19 August 2012

Goddess and Hoar

A tree used as a place for meditation, a tree that's a symbol of the goddess Maej Bhawani. I didn't think I'd be starting the blog with that sort of a sentence this week, but it's Heritage Week here and on Sunday we visited an old house in the Dublin mountains--built in the 18th Century, home to political discussions with The Liberator and others in early 19th Century and now a retreat centre. How appropriate for its current incarnation that it should have a beautiful Oriental Plane tree on its front 'lawns', Platanus orientalis, called the Chinar Tree in India, where it was planted in places of worship in Kashmir: the hollow trunks of mighty old trees were used by meditators. The one we saw is a lovely thing, spreading its limbs wide and providing a fitting filter through which to view a bucolic scene, complete with pasture and cattle, before noticing the wide spread of Dublin city beyond. And all of this only a few kilometres from where we live in the suburbs. Sadly the gardens of the house are not maintained as gardens but more as 'grounds' and although they have some lovely places to sit and be still and perhaps pray, if that's your wont, they're not gardens as such. Since gardening on that scale is a very expensive business, this is no surprise and well done to all there for keeping the grounds as well as they do. Many thanks to the volunteers there who provided a warm welcome to all comers.

To bring some of those thoughts home for a moment and so of course to scale them down, I wanted to come back to the contemplative thing... I've mentioned before that for me gardens work well when they serve as havens. Even the smallest garden can provide a place to be 'away' for a while: as long as there's some sort of beauty there; and a place to sit and take time out; and--for those winter days (or wet summer ones)--a view from the windows of the house that is as pleasing as possible. The great thing is, this doesn't have to be expensive. I have three areas to sit in the garden (four if you count the glasshouse, and we do, in the Spring and Autumn) and none of them was expensive to make: the bench was made for me by my brother-in-law many years ago and the chairs by the pool come from a DIY chain. The chairs and table where we eat whenever we can were a bit more expensive, but only came into the garden last year, and that was after years of hand-me-down or cheap tables that did the job just fine.

Each of the sitting areas works well at different times of the day or season. The bench is great in the morning, and has the bonus of being washed in the moonlight of a winter night; the table and chairs catch the evening sunshine throughout the summer (which is when we eat there), and the chairs by the pool we use at any time, as they're just outside the back door. Making it easy to be out there in the garden is the key: when the furniture is there all the time, there's no faffing about finding it, unfolding it, dusting it down or whatever else. When you add something to make the seating areas places to linger, well all the better! I added honeysuckle over the bench and some Irish moss (Sagina subulata) to rest bare feet on in front of it; and we added a pool outside the back door because there's nothing better than a body of water, no matter how small, to encourage quietness and a dose of daydreaming. Since I moved the bamboos down to the far end of the pool last week, I've been enjoying their reflections as well as how they glow in the morning and evening light.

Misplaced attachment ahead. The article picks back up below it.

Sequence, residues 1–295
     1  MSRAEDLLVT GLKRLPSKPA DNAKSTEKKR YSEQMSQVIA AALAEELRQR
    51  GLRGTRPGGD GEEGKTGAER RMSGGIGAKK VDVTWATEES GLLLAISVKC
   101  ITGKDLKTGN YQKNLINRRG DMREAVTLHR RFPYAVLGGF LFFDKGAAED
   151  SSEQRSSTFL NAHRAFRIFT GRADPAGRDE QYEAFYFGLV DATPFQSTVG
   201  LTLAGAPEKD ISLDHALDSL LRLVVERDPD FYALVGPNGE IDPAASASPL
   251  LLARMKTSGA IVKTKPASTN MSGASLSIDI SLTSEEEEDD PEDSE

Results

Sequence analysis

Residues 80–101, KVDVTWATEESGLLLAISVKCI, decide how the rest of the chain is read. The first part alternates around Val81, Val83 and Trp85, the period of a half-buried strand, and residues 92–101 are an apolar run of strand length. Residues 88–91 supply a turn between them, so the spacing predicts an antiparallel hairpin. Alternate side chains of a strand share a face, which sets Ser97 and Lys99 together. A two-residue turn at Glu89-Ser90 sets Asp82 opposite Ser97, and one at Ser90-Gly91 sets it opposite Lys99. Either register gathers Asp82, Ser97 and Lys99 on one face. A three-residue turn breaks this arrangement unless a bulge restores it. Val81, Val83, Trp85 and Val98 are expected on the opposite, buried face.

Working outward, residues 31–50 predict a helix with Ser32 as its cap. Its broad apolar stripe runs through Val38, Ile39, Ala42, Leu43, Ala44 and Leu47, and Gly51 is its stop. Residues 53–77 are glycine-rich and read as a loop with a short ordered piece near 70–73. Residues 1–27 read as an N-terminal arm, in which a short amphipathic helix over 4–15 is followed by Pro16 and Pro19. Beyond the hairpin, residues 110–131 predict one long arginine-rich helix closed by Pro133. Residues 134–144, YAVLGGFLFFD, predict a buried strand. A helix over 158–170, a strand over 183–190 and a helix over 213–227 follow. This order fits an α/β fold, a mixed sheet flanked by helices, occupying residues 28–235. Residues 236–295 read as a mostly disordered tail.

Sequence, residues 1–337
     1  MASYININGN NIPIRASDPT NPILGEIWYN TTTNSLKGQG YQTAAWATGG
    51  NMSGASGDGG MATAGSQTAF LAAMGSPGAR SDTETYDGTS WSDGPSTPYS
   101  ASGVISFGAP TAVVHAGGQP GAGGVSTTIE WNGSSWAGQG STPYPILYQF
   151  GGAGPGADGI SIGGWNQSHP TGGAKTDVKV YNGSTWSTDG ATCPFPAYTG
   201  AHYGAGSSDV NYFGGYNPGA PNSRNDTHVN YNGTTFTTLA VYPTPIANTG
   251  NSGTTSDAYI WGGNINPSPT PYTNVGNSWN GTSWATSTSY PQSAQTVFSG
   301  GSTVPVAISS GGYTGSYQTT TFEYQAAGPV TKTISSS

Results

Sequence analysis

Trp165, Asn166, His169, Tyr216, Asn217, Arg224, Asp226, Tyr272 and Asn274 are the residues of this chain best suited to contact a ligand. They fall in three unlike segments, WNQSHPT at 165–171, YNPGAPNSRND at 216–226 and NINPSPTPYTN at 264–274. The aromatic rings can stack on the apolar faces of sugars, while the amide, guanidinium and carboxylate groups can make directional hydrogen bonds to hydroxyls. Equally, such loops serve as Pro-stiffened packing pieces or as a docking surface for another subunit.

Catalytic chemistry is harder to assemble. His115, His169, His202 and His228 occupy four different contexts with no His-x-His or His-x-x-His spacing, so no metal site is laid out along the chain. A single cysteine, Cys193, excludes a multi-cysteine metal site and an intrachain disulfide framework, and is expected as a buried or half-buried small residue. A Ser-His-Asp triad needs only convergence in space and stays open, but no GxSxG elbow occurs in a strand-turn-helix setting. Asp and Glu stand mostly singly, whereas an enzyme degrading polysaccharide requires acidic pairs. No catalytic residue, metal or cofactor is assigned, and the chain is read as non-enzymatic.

A word about the Irish moss - it's gorgeous, soft underfoot, a glowing green and it is starred with tiny white flowers throughout the summer (which means it's not a moss at all of course), but I've discovered it doesn't go too well with a small dog who not only loves to lie on it--which is fine and who could blame her--but who also, ermmm, leaves her mark. Perhaps I should have read this article by Helen Dillon...

Anyway, I'll finish this week with some flowers and fruits: most pics from my garden, one from an old orchard up the mountains.  Have a good week all.

Platanus orientalis, and cows, Orlagh Retreat Centre, Dublin hills
Morning/Moonlight bench

Honeysuckle: scent and structure: the small buds look like satellites around the blossom
A place in the sun
Out the back door
Iz enjoying the Irish Moss, Sagina subulata
Stepping stones and, sigh, burnt patches in the Irish Moss

Anemone Honorine Jobert; glows in shady spaces

Agapanthus again, who could resist?

Making a virtue of necessity, cutting back unruly plants brings the garden inside

And sometimes I cut them just because I like the combination

Apple on my tiny Coronet apple tree

Same tree, different apple; great for small gardens

Hoary old apple tree in the orchard at Orlagh


  1. Well, isnt all this a wonderful break from 'you know what'. Graineweile

  2. A *very* welcome break :-). A better one might be a trip to the Arctic ...

  3. Deborah Montgomerie19 March, 2013

    Thanks for this :-) I love that hoary old apple tree, it looks like the ones we pruned last Sunday. I'll try to take some pics of our common ground during the seasons. Yours are so lovely. I laughed so hard at Helen Dillons article. We always have had dogs so I could relate totally. And as for yuor garden, how lovely, you have inspired me with areas in mine.